Three days later, I get a call from my guard unit that there’s an active duty position open
if I wanted to interview for it and I got it.
And I was out of that hell hole in less than a month.
And I really enjoyed my Air Force career, but there was a Bible study, this is years
later, that I started going to it, the unit was fundamental, you know, I’ll go into a
fundamentalist is maybe some other time, but real hard for a Bible, believe me God.
And it was in the middle of the Tammy Fade Baker, Jimmy Swaggard scandals.
Now, much of our audience that isn’t all won’t remember who that is.
My kids are conditioned dog house.
Yes. Yeah.
And, you know, that was when the term born again was all around.
Yeah, praise Lord, if you had to be born again.
So there was a guy in the parachute shop next to me, Steve, he was one of these born
again Christians, you know, and everybody teased him, but he was a nice guy.
He never pushed his religion on you, but you knew what he was.
So one day, my grandmother had given me this whole family Bible, written in the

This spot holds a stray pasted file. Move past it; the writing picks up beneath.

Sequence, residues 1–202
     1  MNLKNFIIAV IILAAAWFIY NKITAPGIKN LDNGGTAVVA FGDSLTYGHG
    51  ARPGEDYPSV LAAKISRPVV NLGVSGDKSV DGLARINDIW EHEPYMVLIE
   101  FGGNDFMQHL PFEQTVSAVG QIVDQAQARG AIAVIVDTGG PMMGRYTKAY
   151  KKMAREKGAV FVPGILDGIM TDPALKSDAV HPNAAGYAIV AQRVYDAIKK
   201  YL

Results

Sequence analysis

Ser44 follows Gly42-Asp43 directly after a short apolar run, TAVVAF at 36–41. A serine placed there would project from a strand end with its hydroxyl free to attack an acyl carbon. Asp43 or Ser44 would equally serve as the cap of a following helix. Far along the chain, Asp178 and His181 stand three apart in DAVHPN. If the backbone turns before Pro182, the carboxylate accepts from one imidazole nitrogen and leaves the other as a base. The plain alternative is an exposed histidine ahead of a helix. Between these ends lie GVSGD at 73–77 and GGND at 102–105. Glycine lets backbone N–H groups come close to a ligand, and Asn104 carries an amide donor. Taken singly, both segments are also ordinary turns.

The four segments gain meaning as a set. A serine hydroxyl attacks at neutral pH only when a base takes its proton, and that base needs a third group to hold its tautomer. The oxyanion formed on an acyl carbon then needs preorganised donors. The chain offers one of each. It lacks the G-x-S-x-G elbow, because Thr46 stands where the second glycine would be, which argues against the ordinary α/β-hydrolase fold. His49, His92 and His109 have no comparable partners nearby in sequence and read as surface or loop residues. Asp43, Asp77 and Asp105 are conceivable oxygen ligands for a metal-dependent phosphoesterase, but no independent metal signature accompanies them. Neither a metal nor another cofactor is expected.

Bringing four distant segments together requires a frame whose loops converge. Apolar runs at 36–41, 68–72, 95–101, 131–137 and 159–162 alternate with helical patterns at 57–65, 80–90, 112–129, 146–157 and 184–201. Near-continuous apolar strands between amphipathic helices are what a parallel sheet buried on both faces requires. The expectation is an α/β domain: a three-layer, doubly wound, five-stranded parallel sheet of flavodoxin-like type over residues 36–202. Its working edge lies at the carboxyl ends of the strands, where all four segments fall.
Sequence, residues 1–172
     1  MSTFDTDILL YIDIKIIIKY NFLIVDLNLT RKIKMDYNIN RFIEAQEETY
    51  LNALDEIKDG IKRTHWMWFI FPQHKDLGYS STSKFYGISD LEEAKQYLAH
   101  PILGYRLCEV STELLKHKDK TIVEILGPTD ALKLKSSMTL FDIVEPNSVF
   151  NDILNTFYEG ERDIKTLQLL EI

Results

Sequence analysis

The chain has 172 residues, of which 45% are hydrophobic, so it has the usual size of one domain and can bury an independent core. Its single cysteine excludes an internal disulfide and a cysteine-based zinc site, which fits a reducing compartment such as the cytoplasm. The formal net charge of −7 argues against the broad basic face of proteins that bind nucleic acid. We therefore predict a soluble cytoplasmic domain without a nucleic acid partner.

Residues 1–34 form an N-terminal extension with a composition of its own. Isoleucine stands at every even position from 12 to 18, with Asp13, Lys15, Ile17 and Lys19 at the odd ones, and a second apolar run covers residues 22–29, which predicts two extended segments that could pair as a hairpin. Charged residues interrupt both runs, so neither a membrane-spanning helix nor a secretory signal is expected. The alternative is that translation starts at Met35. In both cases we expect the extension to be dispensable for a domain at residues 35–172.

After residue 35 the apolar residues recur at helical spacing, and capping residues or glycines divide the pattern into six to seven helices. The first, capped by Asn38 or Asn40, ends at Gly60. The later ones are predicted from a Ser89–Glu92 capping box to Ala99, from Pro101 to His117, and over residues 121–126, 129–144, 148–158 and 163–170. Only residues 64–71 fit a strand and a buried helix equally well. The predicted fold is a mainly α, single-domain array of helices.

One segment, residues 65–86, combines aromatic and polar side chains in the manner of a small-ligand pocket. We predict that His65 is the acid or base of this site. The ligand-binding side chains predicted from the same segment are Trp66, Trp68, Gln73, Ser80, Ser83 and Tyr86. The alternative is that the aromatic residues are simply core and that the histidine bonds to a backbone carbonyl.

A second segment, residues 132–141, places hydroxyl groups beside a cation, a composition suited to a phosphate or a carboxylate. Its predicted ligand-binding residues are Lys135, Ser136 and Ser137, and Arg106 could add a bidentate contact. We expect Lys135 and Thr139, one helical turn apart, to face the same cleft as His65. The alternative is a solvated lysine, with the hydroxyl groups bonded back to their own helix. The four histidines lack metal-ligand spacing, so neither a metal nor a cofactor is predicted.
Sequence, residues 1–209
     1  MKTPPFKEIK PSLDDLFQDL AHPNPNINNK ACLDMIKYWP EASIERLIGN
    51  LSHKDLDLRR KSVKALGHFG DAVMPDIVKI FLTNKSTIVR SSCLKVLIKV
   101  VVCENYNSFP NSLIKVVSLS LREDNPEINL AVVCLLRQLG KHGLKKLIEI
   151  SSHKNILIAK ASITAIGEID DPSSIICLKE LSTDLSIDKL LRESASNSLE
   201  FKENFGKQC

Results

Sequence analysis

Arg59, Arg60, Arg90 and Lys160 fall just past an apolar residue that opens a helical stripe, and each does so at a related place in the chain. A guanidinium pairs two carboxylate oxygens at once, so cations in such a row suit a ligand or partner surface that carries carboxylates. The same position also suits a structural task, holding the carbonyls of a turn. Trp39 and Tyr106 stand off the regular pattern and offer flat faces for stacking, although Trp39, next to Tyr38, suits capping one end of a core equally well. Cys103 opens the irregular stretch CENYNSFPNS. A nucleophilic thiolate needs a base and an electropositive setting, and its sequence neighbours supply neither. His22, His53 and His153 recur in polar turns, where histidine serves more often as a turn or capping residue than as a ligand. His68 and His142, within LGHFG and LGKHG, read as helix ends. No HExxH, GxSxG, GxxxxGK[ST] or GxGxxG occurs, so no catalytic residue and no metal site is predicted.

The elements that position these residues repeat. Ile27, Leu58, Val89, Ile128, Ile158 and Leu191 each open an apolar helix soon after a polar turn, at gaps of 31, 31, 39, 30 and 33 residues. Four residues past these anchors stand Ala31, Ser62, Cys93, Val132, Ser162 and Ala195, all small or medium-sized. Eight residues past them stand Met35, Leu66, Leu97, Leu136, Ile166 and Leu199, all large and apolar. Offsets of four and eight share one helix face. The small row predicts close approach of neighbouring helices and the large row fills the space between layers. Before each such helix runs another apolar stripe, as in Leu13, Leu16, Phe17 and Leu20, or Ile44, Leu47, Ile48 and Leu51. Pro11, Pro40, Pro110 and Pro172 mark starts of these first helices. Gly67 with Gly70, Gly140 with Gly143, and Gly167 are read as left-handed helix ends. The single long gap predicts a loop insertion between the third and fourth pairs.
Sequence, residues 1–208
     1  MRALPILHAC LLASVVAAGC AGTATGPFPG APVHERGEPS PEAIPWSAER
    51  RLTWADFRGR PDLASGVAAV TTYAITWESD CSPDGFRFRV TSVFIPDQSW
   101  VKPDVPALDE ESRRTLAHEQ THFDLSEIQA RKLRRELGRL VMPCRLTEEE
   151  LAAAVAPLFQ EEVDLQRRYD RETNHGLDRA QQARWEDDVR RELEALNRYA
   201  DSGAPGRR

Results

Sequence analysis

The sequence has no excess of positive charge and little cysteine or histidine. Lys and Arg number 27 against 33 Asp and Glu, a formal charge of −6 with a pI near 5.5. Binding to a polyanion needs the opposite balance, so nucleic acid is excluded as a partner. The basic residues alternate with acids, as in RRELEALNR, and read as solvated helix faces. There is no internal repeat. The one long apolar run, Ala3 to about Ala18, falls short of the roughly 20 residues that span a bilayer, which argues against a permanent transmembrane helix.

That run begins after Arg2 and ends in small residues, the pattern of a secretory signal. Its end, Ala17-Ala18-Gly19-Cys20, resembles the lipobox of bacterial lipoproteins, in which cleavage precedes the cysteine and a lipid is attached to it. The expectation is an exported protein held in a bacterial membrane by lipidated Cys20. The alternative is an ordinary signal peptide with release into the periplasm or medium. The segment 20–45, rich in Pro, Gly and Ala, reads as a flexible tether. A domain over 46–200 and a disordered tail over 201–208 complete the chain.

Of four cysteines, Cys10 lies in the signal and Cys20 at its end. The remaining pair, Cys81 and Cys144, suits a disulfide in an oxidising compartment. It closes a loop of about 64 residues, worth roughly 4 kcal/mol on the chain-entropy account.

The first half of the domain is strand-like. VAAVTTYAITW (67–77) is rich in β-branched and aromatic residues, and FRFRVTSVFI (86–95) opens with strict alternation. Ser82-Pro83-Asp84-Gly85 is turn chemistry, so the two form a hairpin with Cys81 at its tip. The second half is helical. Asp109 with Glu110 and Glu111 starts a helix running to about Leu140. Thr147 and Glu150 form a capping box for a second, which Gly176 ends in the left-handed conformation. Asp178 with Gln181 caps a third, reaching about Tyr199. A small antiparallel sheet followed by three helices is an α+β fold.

1918’s or is that’s when it was published, right?
So I opened it to this passage that there’s born again thing or keep talking about.
And sure enough, here in the Bible from 1918, Jesus is there talking to Nicodemus saying,
you got to be born again in order and every king of the God, I went, wow, it’s not a
cult thing.
I thought it was a cult thing, you know, and I said, if it’s from 1918, it’s not new, right?
I mean, this is like around 19 plus 79, 1980, some.
And at that point, I had ever since the Lord delivered me from UPS and I really enjoyed
my job.
I never fulfilled my end of the deal.
I never turned my life over to Christ.
But I think I became less angry over time.
And that morning, when I read that, I just decided, okay, I’m going to believe that you
are who you say you are, Jesus, just like you said, you know, it’s like you knew the man
existed, you knew the history, but you had to decide, you know, is he really who he said
he was?
So I go to work that morning, it’s really funny.
The news is on about the bakers again.
And everybody in my shop is making fun of this really nice born again guy in the parachute
next door.
And he’s not there to defend himself.
And talking about what a buffoon he was, there wasn’t a single person in the shop that
I worked in, you know, six guys that were strong enough Christian to defend him.